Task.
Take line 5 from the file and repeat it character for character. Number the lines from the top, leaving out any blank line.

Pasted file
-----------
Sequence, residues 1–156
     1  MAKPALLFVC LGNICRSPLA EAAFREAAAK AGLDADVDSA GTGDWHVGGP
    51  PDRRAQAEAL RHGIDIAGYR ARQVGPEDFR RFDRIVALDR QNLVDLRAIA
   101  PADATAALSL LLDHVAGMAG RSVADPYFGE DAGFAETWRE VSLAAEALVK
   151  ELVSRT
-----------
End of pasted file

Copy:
   151  ELVSRT